We were sent out of doors to play because our mothers were busy cooking and cleaning, stopping now and then to talk amongst themselves through the low hanging telephone wires connecting one apartment building to the other, this time of summer for themselves when they would move freely from room to room, their bodies loose under their slips, the windows open to the fresh air and the sounds of our play. Our mothers would use a special language to communicate with each other, bits of Greek, Italian and Polish mixed together with the scripted words of television, the soap opera, where to my mind, and when I'd press my nose to the rounded glass of the Zenith, the women of As The World Turns smelled of Ivory soap and freshly washed panties hanging dangerously high from the rod of the shower curtain. 

When the tinker's bell came clanging around the corner, demanding our mothers drop their chores, hang up their telephones, check their complexions in the mirror by dragging fingers down cheeks, slapping for that extra rosiness until their cheeks were like plump tomatoes, we children stood perfectly still, the game of hide and seek becoming a game of Lost in Space, no oxygen, just our hearts thumping madly in our ears. 

“Look at my skin,” my mother had asked of me once, red streaks like Geronimo's war paint coming down from her eyes, finger marks slipping past the collar of her robe to the parts of her I could only imagine. “Does it look right?” She was doing that now, checking her complexion, as the tinker's bell sounded through the kitchen window, rushing her heart beat, mine, so she had to check her skin with one hand and fix her hair with the other, a bobby pin pinched between her lips. Clang! Clang! Clang!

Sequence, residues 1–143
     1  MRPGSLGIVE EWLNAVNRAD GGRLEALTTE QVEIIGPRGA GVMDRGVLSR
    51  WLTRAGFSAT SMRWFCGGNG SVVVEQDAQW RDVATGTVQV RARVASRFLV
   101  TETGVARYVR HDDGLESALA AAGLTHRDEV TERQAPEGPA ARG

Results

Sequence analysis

The tinker's truck was more rusted than the last time, darker than I remembered, though it had always been a shineless black, the panel bottoms loose and flapping. Fumes and heat rose in waves from the cab as if it were an oven and he was roasting inside, his face smeared with finger marks just like our mothers when they were unhappy with their skin, only his was streaked in the dirty black grime of the thousands of scissors and knives he'd pressed up against his grinder wheel.


There was an understanding between us children: we'd stop playing for our mothers, so after they'd finished ransacking the kitchen drawers searching for the dull scissors to roll up in their aprons and they were ready to show themselves to the tinker, paper money poking out from between their fingers, they might feel special seeing us lining the sidewalks. 

Our beautiful mothers would parade. The tinker was slow-rolling through our neighborhood.

She would say my hair was too thick to trim without causing me pain. “My scissors are dull, sweetheart. You'll get your hair cut after the tinker has come and gone.”

“Then I'll wait with you, momma,” I'd tell her, my fist caught up in my hair.  

She came out in nicer clothes than she'd been wearing all morning, her scissors rolled up in the apron she'd used to pat my bacon dry, her cheeks like powdered bubble gum. I could see the outline of her legs through the flimsy material of her summer dress. She would use those thighs to keep me from getting restless when she was cutting my hair. “Don't move,” she'd say, the hem of one of her everyday dresses nearly up at her hips as she would press my knees together with her own knees, her scissors smelling of kerosene. 
Her legs snipped at the sidewalk as she hurried along to keep up with the other women. 

The tinker's truck finally came to a stop - the last clang of his bell followed by the crickety sounds of his undercarriage, our restless mothers smoothing down the fronts of their dresses, tucking the loose strands of hair behind their ears, the chomp of scissors wrapped in aprons slipping from their armpits as they dragged their fingers down their cheeks one last time, a slapping, and then the shudder of that man's grinder wheel whirring to life, as the world turned, a scent like my mother's panties in my nose.


The Tinker - Antonios Maltezos (c)


Copyright 2009